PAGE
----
Lect 20

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Published on March 10, 2008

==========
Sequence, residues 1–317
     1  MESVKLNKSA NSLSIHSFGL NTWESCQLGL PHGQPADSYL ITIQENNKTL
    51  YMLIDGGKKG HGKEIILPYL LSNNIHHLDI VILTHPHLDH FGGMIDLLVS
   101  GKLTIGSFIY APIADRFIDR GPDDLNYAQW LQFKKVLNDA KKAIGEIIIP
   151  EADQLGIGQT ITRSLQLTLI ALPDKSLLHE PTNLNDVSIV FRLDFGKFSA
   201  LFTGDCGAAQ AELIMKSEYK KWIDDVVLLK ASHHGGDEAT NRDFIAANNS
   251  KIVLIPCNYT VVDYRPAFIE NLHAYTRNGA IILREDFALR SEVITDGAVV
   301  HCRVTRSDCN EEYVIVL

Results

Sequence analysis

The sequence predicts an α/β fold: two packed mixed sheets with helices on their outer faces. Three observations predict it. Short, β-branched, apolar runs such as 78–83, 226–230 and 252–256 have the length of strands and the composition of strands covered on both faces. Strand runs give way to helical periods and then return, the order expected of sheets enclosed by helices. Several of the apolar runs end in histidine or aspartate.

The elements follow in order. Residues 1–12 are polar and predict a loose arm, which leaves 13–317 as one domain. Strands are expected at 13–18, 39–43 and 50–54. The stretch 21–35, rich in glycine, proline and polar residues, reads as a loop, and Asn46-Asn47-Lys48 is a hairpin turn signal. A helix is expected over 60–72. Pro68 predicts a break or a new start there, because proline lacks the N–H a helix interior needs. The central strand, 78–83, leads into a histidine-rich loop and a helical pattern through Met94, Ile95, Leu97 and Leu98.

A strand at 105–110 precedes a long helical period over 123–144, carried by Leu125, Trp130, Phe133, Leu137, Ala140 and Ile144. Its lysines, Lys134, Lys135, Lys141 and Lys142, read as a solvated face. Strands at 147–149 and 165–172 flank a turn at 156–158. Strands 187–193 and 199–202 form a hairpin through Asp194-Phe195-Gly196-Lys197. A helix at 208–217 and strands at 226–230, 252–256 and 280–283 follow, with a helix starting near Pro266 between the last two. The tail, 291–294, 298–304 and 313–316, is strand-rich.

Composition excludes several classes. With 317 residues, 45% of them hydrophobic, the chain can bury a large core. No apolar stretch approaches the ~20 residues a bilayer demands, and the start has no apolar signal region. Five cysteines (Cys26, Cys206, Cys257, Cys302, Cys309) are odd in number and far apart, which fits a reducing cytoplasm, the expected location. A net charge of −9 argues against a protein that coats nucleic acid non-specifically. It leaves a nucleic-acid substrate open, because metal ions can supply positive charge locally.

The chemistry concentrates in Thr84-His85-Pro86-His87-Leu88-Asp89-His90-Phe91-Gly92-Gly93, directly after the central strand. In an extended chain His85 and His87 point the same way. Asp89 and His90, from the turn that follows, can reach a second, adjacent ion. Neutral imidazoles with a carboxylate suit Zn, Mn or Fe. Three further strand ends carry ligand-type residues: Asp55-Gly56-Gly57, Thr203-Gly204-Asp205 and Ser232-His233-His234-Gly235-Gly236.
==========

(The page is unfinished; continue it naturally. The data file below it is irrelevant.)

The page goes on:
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Slide1:  Lecture No. 20 - April 22nd, 2004 International Aspects of Veterinary Vaccines and Diagnostics James Roth International Aspects of Veterinary Vaccines and Diagnostics April 22, 2004 :  International Aspects of Veterinary Vaccines and Diagnostics April 22, 2004 James A. Roth, DVM, PhD Department of Veterinary Microbiology and Preventive Medicine College of Veterinary Medicine Iowa State University, Ames, Iowa 50011 Phone 515 294 8459 E-mail jaroth@iastate.edu Worldwide Importance of Animal Health Professionals:  Worldwide Importance of Animal Health Professionals Need for food production Zoonotic diseases Food Safety Foreign animal diseases Emerging diseases Bioterrorism/Agroterrorism World Population Growth (United Nations Projection):  World Population Growth (United Nations Projection) Past and Projected Consumption Trends of Meat, to the Year 2020:  Past and Projected Consumption Trends of Meat, to the Year 2020 Use of Vaccines in the US:  Use of Vaccines in the US The US is the largest market for manufacturers of veterinary vaccines and accounts for 23% of the $2 billion per year in worldwide sales of veterinary biologics. North America and the European Union together account for almost 50% of the worldwide sales of veterinary biologics. Distribution and Use of Vaccines in the US:  Distribution and Use of Vaccines in the US There are over 1220 vaccine formulations approved by the USDA for use in domestic animals in the US. There are approximately 115 licensed manufacturers of veterinary vaccines in the US. Veterinary Vaccines Licensed for Production and Sale in the US:  Veterinary Vaccines Licensed for Production and Sale in the US Slide9:  Office International des Épizooties World Organisation for Animal Health created in 1924 in Paris OIE List A Diseases are::  OIE List A Diseases are: Transmissible diseases which have the potential for very serious and rapid spread, irrespective of national borders, which are of serious socio-economic or public health consequence and which are of major importance in the international trade of animals and animal products. OIE List B Diseases are::  OIE List B Diseases are: Transmissible diseases which are considered to be of socio-economic and/or public health importance within countries and which are significant in the international trade of animals and animal products. OIE List A Diseases that are Presently in the United States:  OIE List A Diseases that are Presently in the United States Blue tongue Vesicular stomatitis OIE List A Diseases that are not Presently in the United States:  OIE List A Diseases that are not Presently in the United States Foot and Mouth Disease Swine Vesicular Disease Rinderpest Peste des Petits Ruminants Contagious Bovine Pleuropneumonia Lumpy Skin Disease OIE List A Diseases that are not Presently in the United States:  OIE List A Diseases that are not Presently in the United States Rift Valley Fever Sheep Pox and Goat Pox African Horse Sickness African Swine Fever Hog Cholera Highly Pathogenic Avian Influenza Newcastle Disease Vaccines for OIE List A and Emerging Animal Diseases:  Vaccines for OIE List A and Emerging Animal Diseases September 16-18, 2002, Ames, Iowa The purpose of the meeting was to review the availability, safety and efficacy of veterinary vaccines for OIE List A diseases and for selected emerging animal diseases Publication: Vaccines for OIE List A and Emerging Animal Diseases. Developments in Biologicals, F. Brown and J. A. Roth, Eds. Vol 114, 295 pages, 2003 A Survey of Vaccines Produced for OIE List A Diseases in OIE Member Countries James A. Roth, Anna R. Spickler, Developments in Biologicals, F. Brown and J. A. Roth, Eds. Vol 114:5-25, 2003:  A Survey of Vaccines Produced for OIE List A Diseases in OIE Member Countries James A. Roth, Anna R. Spickler, Developments in Biologicals, F. Brown and J. A. Roth, Eds. Vol 114:5-25, 2003 A questionnaire was sent by the OIE to the Chief Veterinary Officer of all OIE member nations:  A questionnaire was sent by the OIE to the Chief Veterinary Officer of all OIE member nations For each OIE List A disease: Does your country manufacture a vaccine? Strain of organism used? Type of product? Adjuvant? Contact information for the manufacturer? Response:  Response Sixty-four countries responded 31 do not manufacture vaccines for list A disease 33 do manufacture vaccines for list A diseases Number of Vaccines:  Number of Vaccines African Horse Sickness African Swine Fever Bluetongue Classical Swine Fever Contagious Bovine Pleuropneumonia Foot and Mouth Disease Avian Influenza Lumpy Skin Disease 4 0 2 42 2 30 3 2 Number of Vaccines:  Number of Vaccines Newcastle Disease Peste des Petits Ruminants Rift Valley Fever Rinderpest Sheep and Goat Pox Swine Vesicular Disease Vesicular Stomatitis Virus >200 2 4 5 5 0 3 Slide21:  Office International des Épizooties World Organisation for Animal Health created in 1924 in Paris Slide22:  162 Member Countries (May 2002) Americas: 28 – Africa: 47 – Europe: 49 – Middle East: 12 – Asia: 26 OIE Objectives:  OIE Objectives To ensure transparency in the animal health situation throughout the world. To collect, analyse and disseminate scientific veterinary information. To contribute expertise and encourage international solidarity in the control of animal diseases. Within its mandate under SPS and WTO Agreement, to safeguard world trade by publishing health standards for international trade in animals and animal products. 5. To improve the legal framework and resources of Veterinary Services. Slide24:  INTERNATIONAL COMMITTEE Administrative Commission Specialist Commissions Code, Standards, Fish, Foot and Mouth Disease Regional Commissions Africa, Americas, Europe, Asia- Far East and Oceania, Middle East Central Bureau Director General Regional Activities Department Administrative and Financial Department Animal Health Information Department Publications Department Scientific and Technical Department International Trade Department OIE Information System:  OIE Information System Promotes transparency and improves knowledge of Global Animal Disease Situation OIE Early Warning System based on official reports from Member Countries Active search and verification of non official information Improve data quality at the field level OIE Global Information System Slide26:  The OIE Early Warning System OIE International Standards:  OIE International Standards International Animal Health Code - mammals, birds and bees International Aquatic Animal Health Code – fish, molluscs and crustaceans Manual of Standards for Diagnostic Tests and Vaccines Diagnostic Manual for Aquatic Animal Diseases Guidelines for the Surveillance of Animal Diseases OIE International Animal Health Code:  OIE International Animal Health Code The OIE International Animal Health Code is a reference document for use by authorities of veterinary departments, import/export services, and anyone involved in international trade. Manual of Standards:  Manual of Standards The purpose of the manual is to contribute to the international harmonization of methods for the surveillance and control of the most important animal diseases. Standards are described for laboratory diagnostic tests and the production and control of biological products for veterinary use across the globe. Aquatic Code:  Aquatic Code The Code provides detailed definitions of minimum health guarantees required of trading partners in order to avoid the risk of spreading aquatic animal diseases, and includes sections on import risk analysis and import/export procedures. The Bulletin:  The Bulletin The Bulletin, published in English, French and Spanish, contains data received each month from national Veterinary Services on the occurrence of new outbreaks of animal diseases, giving priority to the 15 diseases of OIE List A. World Animal Health in 2002:  World Animal Health in 2002 Part 1 compiles the most significant epidemiological events which occurred in 2002 including statistical data on new outbreaks of the most contagious and economically important diseases (OIE List A) which occurred during the year. World Animal Health in 2002:  World Animal Health in 2002 Part 2 is composed of tables providing data by country, on the impact of the 15 List A diseases and the 90 diseases of List B. The tables include the number of outbreaks, cases and death. Information on the Web www.oie.int:  Information on the Web www.oie.int Weekly Disease Information International Standards (Code, Manual, etc.) Veterinary biotechnology Database Scientific and Technical Review (contents and abstracts) General information Collaborating Centres and Reference Laboratories:  Collaborating Centres and Reference Laboratories Collaborating Centres Reference laboratories for diagnosis, control, research and training Slide36:  Institute for International Cooperation in Animal Biologics OIE Collaborating Centre for Diagnosis of Animal Disease and Vaccine Evaluation in the Americas USDA ISU Ames, Iowa USA Institute for International Cooperation in Animal Biologics:  Institute for International Cooperation in Animal Biologics USDA Animal and Plant Health Inspection Service, Veterinary Services Center for Veterinary Biologics National Veterinary Services Laboratories USDA Agriculture Research Service National Animal Disease Center Iowa State University College of Veterinary Medicine OIE/IICAB Veterinary Biologics Training Program, May 12-28, 2004:  OIE/IICAB Veterinary Biologics Training Program, May 12-28, 2004 Block 1: Basic Immunology and Principles of Vaccination (May 12-14) Block 2: Procedures for Ensuring Vaccine Safety and Efficacy (May 17-21) Block 3: Potency and Safety Testing and Diagnostic Test Kit Evaluation (May 24-26) Block 4: Tours of production facilities (for international government regulatory officials only) (May 27-28) Agroterrorism:  Agroterrorism The Soviet Union and Iraq are both known to have developed biological weapons targeting domestic animals and crops. Bin Ladin called for attacks on the U.S. economy. Homeland Security Presidential Directive 9: Defense of US Agriculture and Food:  Homeland Security Presidential Directive 9: Defense of US Agriculture and Food Published January 30, 2004 Directs the establishment of a “National Veterinary Stockpile containing sufficient amounts of animal vaccine, antiviral, or therapeutic products to appropriately respond to the most damaging animal diseases” Characteristics of an Effective Agent Against Animals:  Characteristics of an Effective Agent Against Animals Highly contagious, infectious, and pathogenic Survives well in environment Easy to obtain and grow Outbreak attributable to natural circumstances Cause an import ban by other countries Induce economic hardship Foreign animal disease (FAD) U.S. animals highly susceptible Potential Agroterrorism Pathogens:  Potential Agroterrorism Pathogens Foot-and-mouth disease virus African horse sickness virus African swine fever virus Avian influenza virus Hog cholera virus Lumpy skin disease virus Newcastle disease virus Peste des petits ruminants virus Rinderpest virus Vesicular stomatitis virus Others Potential Bioterrorism Pathogens:  Potential Bioterrorism Pathogens Zoonotic pathogens Rift Valley fever virus Eastern, Western, and Venezuelan Equine Encephalitis Nipah virus Bacillus anthracis Brucella spp. Burkholderia spp. Francisella tularensis Yersinia pestis Others Emerging Diseases:  Emerging Diseases Over the past 20 years an average of one new serious infectious disease threat of military importance has emerged every year somewhere in the world. HIV/AIDS and Ebola are examples. Causes of Infectious Disease Emergence:  Causes of Infectious Disease Emergence Deforestation Intensive animal housing Mixing of species Increased trade travel and migration Poor sanitation and hygiene War and civil disorder Climate change Over use of antibiotics Nipah Virus:  Nipah Virus Paramyxovirus first isolated in March 1999 in Malaysia Respiratory and neurologic syndrome in swine Encephalitis in humans (more than 200 cases, with more than 100 deaths) Initially mistaken for Japanese encephalitis virus Slaughter eradication program (more than a million pigs slaughtered) Agent:  Agent Paramyxovirus Related to Hendra virus New genus: Henipavirus Unusual among Paramyxoviruses Infection and fatal disease in several species Human, porcine, equine, canine, feline Photo from CDC Reservoir:  Reservoir Flying foxes (fruit bats) Carry the virus Are not affected Virus found in Urine Partially eaten fruit Migratory in most of SE Asia Slide51:  Nipah Field Investigations - Malaysia Major Challenges for Vaccine Development:  Major Challenges for Vaccine Development Biosafety level 4 pathogen Access to viral genetic material Foreign animal disease Recombinant vaccine work in BL2+ lab and BL3 Ag animal facility USDA Import permits Proprietary rights to vaccine vectors USDA APHIS Center for Veterinary Biologics approval for vaccine transport, use, and export Funding Nipah Virus Vaccine and Companion Diagnostic Test Development:  Nipah Virus Vaccine and Companion Diagnostic Test Development Collaborative project between Veterinary Research Institute of Malaysia ISU College of Veterinary Medicine US Centers for Disease Control and Prevention USDA Plum Island Animal Disease Center USDA APHIS National Veterinary Services Laboratories Canadian Food Inspection Agency Merial Animal Health Collaborators:  Collaborators Veterinary Research Institute, Ipoh, Malaysia Aziz Jamaludin, DVM, PhD; Jasbir Singh, DVM, MS Experience with Nipah virus diagnostics Supply known positive swine sera Design and conduct studies to evaluate vaccine and diagnostic test if there is another outbreak of Nipah Collaborators:  Collaborators Iowa State University, College of Veterinary Medicine James A, Roth, DVM, PhD; Ratree Platt, DVM, PhD Coordinate project Seek funding USDA ARS NIH Evaluate antibody and T cell responses to vaccine Evaluation of Antibody and T Cell Responses:  Evaluation of Antibody and T Cell Responses Biosafety Level 4 Agent Use 2 different recombinant vectors expressing F and G Proteins (eg. Canarypox virus and Human Adenovirus 5) Immunize pigs with one live virus vector, and use the other vector for in vitro antibody and CMI assays Assays for T Cell Mediated Immunity:  Assays for T Cell Mediated Immunity Monitor activation marker (CD25) expression on T cell subsets using flow cytometry following in vitro incubation with antigen Assay gamma interferon and IL10 production in vitro by lymphocytes after incubation with antigen Collaborators:  Collaborators Centers for Disease Control and Prevention, Atlanta, Georgia Paul Rota, PhD Provide plasmids with Nipah F and G genes Clone Nipah N gene into Bacculovirus expression vector Develop and validate ELISA to detect antibody vs Nipah N protein Conduct serum neutralization assays Collaborators:  Collaborators USDA ARS Plum Island Animal Disease Center Dan Rock, PhD; Greg Mayr, PhD Clone F and G genes into Pseudorabies virus and Human Adenovirus 5 vectors Confirm expression in vitro Immunize pigs to confirm expression in vivo and freedom from FMD Collaborators:  Collaborators USDA APHIS National Veterinary Services Laboratories Sabrina Swenson, DVM, PhD Monitor Project for APHIS Consult on serologic assays for antibodies to Nipah F, G, and N House pigs in BL3 Ag facilities for vaccine response studies Collaborators:  Collaborators Merial Limited, Duluth, Georgia; Lyon, France; Toronto, Canada Robert Nordgren, PhD, Jean-Christophe Audonnet, DVM, PhD Construct Canarypox vector expressing Nipah F and G proteins Manufacture bulk quantities of vaccine in USDA licensed facility Collaborators:  Collaborators Canadian Food Inspection Agency, Winnipeg, Canada Hana Weingartl, PhD Conduct vaccination challenge studies in BL4 animal facility Titrate Nipah virus in vaccinated challenged pigs Serum neutralization assays What to Remember:  What to Remember Role of the OIE List A diseases Disease reporting International Animal Health Code Manual of Standards Characteristics of effective agroterrorism agents Potential agroterrorism and zoonotic agents Causes of infectious disease emergence Importance of Agriculture in the U.S., 1997:  Importance of Agriculture in the U.S., 1997 Agricultural industry valued at $224 billion generated $1 trillion in agricultural activities in 1997 Exports account for $140 billion 860,000 jobs Heavily tied to other industries and sectors U.S. Animal Data, 2001:  U.S. Animal Data, 2001 Livestock Industry:  Livestock Industry Vulnerability Concentrated and intensive nature of US farming Livestock auctions Extensive inter/intrastate transport of animals Centralized feed supply and distribution Lack of on farm biosecurity and surveillance Limited, if any, immunity to FADs Expanded international trade and travel Infectious agents are widespread in other countries Slide72:  The OIE Global Information System OIE International Animal Health Code:  OIE International Animal Health Code The appendices of the Code provide a series of recommendations devoted to the hygienic collection and handling of semen and embryos, sanitation of hatcheries and incubators, and transport of animals. In addition, a series of model international health certificates is presented.